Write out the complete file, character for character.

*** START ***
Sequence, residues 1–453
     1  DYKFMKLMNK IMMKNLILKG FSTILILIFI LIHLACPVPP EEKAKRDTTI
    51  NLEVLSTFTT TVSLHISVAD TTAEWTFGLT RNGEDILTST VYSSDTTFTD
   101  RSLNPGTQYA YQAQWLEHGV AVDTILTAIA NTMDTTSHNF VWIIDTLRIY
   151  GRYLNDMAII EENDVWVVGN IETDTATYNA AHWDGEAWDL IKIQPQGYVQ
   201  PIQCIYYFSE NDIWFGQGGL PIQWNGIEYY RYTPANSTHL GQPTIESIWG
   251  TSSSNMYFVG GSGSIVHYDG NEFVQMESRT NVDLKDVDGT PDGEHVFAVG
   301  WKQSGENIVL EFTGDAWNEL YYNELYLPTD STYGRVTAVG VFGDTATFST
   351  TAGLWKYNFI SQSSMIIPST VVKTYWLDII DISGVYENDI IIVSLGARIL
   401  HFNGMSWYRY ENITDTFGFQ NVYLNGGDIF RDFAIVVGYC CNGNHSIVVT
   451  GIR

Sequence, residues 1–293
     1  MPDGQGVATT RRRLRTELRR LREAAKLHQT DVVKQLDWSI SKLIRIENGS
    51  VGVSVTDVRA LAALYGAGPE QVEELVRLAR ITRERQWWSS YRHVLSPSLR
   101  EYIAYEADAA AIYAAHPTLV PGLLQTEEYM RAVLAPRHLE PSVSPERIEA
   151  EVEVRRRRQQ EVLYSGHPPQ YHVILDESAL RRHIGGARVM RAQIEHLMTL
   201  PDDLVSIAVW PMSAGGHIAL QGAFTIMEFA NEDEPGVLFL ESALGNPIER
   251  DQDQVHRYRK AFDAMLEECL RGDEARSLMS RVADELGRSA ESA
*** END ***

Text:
Sequence, residues 1–453
     1  DYKFMKLMNK IMMKNLILKG FSTILILIFI LIHLACPVPP EEKAKRDTTI
    51  NLEVLSTFTT TVSLHISVAD TTAEWTFGLT RNGEDILTST VYSSDTTFTD
   101  RSLNPGTQYA YQAQWLEHGV AVDTILTAIA NTMDTTSHNF VWIIDTLRIY
   151  GRYLNDMAII EENDVWVVGN IETDTATYNA AHWDGEAWDL IKIQPQGYVQ
   201  PIQCIYYFSE NDIWFGQGGL PIQWNGIEYY RYTPANSTHL GQPTIESIWG
   251  TSSSNMYFVG GSGSIVHYDG NEFVQMESRT NVDLKDVDGT PDGEHVFAVG
   301  WKQSGENIVL EFTGDAWNEL YYNELYLPTD STYGRVTAVG VFGDTATFST
   351  TAGLWKYNFI SQSSMIIPST VVKTYWLDII DISGVYENDI IIVSLGARIL
   401  HFNGMSWYRY ENITDTFGFQ NVYLNGGDIF RDFAIVVGYC CNGNHSIVVT
   451  GIR

Sequence, residues 1–293
     1  MPDGQGVATT RRRLRTELRR LREAAKLHQT DVVKQLDWSI SKLIRIENGS
    51  VGVSVTDVRA LAALYGAGPE QVEELVRLAR ITRERQWWSS YRHVLSPSLR
   101  EYIAYEADAA AIYAAHPTLV PGLLQTEEYM RAVLAPRHLE PSVSPERIEA
   151  EVEVRRRRQQ EVLYSGHPPQ YHVILDESAL RRHIGGARVM RAQIEHLMTL
   201  PDDLVSIAVW PMSAGGHIAL QGAFTIMEFA NEDEPGVLFL ESALGNPIER
   251  DQDQVHRYRK AFDAMLEECL RGDEARSLMS RVADELGRSA ESA